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Farming Causes Floods

The floods that are devastating Midwestern communities and that threaten St. Louis have been blamed on a 500-year storm. Joel Achenbach, who once wrote a popular column called Why Things Are, tells us this morning that it's just possible the floods are our own fault.

This assertion, which Achenbach carefully qualifies and explains, has produced a first-rate conversation among our Readers Who Comment. A few, of course, think he is nuts and the Post is a some sort enviro-Nazi tool for running the article. But many expand thoughtfully on the proposition, which, stripped to its basics, suggests that if you drain enough wetlands and turn them into farms, and if you build in flood plains, you have messed with the natural order and will ultimately have to pay.

Some blame the government for not improving levees, noting that weak levees were a part of the Katrina disaster and that very little has been done to improve the situation elsewhere in the Mississippi drainage. Those who live in drought-stricken parts of the country wonder if there isn't some way they could get a little of that water. And there is concern that this is all part of the global warming issue and that we have yet to truly understand the costs of what we have created and what it will take to fix it.

We'll start with yoschoharo, who wrote, "Wow! A very informative article and great postings (for the most part). I grew up on farm land in upstate New York and observed first-hand the cycles of drought and flood. The principles discussed in this article used to be the basics of 8th grade geography, but it seems that we need to be reminded of them over and over..."

zennhead614wheatland said, "Regardless of whether Global Warming or a composite of various ill conceived farming practices, this is going to be a very costly flood for the citizens of Iowa... I think we're coming up against limited resources finally, and the costs of dealing with them will be enormous, and drive serious changes in the way we live."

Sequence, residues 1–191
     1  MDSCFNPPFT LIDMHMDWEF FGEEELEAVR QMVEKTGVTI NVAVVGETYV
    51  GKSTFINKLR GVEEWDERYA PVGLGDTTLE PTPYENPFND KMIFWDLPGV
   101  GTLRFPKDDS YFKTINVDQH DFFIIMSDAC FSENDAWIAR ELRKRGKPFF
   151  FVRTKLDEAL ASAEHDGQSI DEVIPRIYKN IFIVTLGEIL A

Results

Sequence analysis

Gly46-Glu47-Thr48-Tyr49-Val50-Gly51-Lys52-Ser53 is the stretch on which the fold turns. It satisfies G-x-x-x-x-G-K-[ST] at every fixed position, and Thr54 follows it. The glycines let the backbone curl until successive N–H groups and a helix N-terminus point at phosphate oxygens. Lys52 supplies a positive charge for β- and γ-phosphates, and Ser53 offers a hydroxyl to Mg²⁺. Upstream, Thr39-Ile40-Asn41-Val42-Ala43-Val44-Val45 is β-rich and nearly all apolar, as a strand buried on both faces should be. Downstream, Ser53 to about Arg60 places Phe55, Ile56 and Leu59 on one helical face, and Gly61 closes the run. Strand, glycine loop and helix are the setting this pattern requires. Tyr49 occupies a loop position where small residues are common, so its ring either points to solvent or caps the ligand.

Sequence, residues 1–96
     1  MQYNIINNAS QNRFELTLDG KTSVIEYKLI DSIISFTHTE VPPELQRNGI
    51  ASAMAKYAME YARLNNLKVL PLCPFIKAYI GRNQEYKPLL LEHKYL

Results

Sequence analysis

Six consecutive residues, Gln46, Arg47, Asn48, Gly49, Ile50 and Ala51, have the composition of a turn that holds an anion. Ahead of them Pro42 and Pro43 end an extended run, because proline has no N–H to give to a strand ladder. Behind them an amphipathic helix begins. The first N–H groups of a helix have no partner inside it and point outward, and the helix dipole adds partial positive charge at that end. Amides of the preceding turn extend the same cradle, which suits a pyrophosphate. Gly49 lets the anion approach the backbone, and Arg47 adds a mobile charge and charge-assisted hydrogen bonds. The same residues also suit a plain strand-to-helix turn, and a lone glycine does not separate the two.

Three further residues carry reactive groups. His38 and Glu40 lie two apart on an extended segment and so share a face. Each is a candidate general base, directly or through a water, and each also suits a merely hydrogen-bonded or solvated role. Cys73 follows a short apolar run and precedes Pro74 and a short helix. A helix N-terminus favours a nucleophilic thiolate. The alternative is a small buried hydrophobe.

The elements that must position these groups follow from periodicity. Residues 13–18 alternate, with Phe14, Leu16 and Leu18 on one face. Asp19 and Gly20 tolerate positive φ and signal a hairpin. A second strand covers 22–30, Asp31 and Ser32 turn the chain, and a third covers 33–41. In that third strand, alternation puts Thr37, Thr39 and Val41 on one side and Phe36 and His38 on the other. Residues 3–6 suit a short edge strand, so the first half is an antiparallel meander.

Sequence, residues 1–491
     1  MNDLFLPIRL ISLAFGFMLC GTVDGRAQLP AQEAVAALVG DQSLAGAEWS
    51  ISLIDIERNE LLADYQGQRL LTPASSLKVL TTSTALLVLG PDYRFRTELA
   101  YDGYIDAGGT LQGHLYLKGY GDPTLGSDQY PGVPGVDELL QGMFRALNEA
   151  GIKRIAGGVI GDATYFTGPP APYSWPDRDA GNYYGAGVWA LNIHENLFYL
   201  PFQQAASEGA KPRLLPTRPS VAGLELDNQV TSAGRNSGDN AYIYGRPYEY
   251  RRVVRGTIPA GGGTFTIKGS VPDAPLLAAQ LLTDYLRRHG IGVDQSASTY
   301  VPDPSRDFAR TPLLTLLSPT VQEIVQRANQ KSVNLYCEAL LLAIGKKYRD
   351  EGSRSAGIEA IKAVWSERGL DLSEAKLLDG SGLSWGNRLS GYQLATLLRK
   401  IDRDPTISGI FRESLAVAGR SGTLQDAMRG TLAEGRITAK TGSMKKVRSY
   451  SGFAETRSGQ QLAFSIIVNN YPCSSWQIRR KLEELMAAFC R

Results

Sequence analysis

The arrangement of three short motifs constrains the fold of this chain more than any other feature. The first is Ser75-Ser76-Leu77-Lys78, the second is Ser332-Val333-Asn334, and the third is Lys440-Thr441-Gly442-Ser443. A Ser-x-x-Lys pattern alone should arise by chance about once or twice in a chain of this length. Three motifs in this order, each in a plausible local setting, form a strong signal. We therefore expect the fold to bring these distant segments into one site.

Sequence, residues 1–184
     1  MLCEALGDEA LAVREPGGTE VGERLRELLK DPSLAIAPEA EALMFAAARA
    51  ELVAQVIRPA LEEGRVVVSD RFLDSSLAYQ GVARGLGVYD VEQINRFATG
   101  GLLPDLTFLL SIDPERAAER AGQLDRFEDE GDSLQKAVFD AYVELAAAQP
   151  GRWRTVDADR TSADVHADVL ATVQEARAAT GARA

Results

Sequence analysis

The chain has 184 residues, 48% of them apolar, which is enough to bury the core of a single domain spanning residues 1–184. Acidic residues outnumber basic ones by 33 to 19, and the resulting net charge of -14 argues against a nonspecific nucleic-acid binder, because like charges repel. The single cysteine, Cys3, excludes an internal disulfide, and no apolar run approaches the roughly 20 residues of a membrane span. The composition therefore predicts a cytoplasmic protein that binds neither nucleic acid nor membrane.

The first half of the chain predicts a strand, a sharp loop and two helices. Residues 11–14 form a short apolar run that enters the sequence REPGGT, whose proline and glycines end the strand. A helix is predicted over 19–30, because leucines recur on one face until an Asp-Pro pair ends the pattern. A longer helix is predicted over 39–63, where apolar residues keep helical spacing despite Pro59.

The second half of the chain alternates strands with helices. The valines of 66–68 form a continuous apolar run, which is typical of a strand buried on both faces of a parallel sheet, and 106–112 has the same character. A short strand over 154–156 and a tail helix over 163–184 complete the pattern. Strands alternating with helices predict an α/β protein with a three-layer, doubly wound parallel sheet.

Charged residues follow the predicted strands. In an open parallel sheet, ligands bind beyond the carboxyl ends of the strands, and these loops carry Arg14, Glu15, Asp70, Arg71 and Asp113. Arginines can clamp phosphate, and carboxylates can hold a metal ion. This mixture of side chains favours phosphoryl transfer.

caribissaid, "You have your head in the mud if you don't think land use affects the rate of runoff. All you have to do is measure water temperature in streams after a rain. The water in a stream with lots of vegetative barriers is lower than one running through a plowed field or subdivision... You can have a long flood with a lower crest or a fast flood with a higher crest. Zone your land accordingly."

Lilly1 wrote, "The water has to go somewhere when levees have altered the natural flood plains. It's past time to restore some of these areas to wetlands to provide both water quantity and quality control."

But zunguri said, "Thanks for the laugh! I can always count on the post for a wacko theory. You should really talk to the "researchers" up at UC-Berkeley more often. It would make your paper much more entertaining."

And krushX wrote, "The solution is obvious: time to sacrifice a virgin to the gods and burn the witches. What is most annoying about this piece is that there is hardly a drop of counter argument and not a single quantification..."

paulc37 said, "...We have played with Mother nature in a very short time and big way the past few years and the whole world is paying a fuel/food and global CO2 altering, price in a very very short period from this radical man made/self induced altering."

cpwash wrote, "... did you note that our Southwest has a drought? You could put in aquiducts to move some of the water out that way. Two thousand years ago, the Romans had such systems, so we ought to be able to do something if we put our minds to it."

WilliamBlake said, "Too bad there is no way to divert those flood waters to the Colorado river, we could use it to begin refilling lake powell."

Omyobama wrote, :..Overdevelopment, rural and urban both, have many unintended consequences that have gotten short shrift in... re-zoning and development determinations. We better start putting some priority on these water issues. And I say this as a Californian who's just been notified the Gov. has declaared a drought here. God help us all."

swatkins1 said, "But the gays are getting married in California! Why is God punishing the neo-conservative midwest?"

GaryEMasters wrote:
Changes can be measured and compensating factors introduced into the environment. This is a failure of planning. There should be a place for every drop of rain that falls."

kdhcherry said, "A great in-depth critique of our misguided water "engineering" practices. They brought us the Katrina destruction of New Orleans and they contribute to any flood problems in the Mississippi-Ohio river valleys... Keep up the good work of piling small sandbags like this against the flood of our ignorance."

Pearl77 agreed, writing, "Nature created wetlands to disperse water in events like the "500 year flood". When we decide to pave over the wetlands, or drain them to plant crops, we risk what we are seeing. Whether in New Orleans or Cedar Rapids, these disasters will continue to occur because we have decided to build in Nature's sewer."

george11 said, "People build in flood plains, and then wonder why they flood. Idiots who call themselves "experts" blame development for a natural event. Levees increase the height of the river."

Last word goes to ucantmakeitup, who wrote, "It's not called a flood plain for nothing."

All comments on this article are here.

By Doug Feaver  |  June 19, 2008; 9:25 AM ET
Categories:  Environment  
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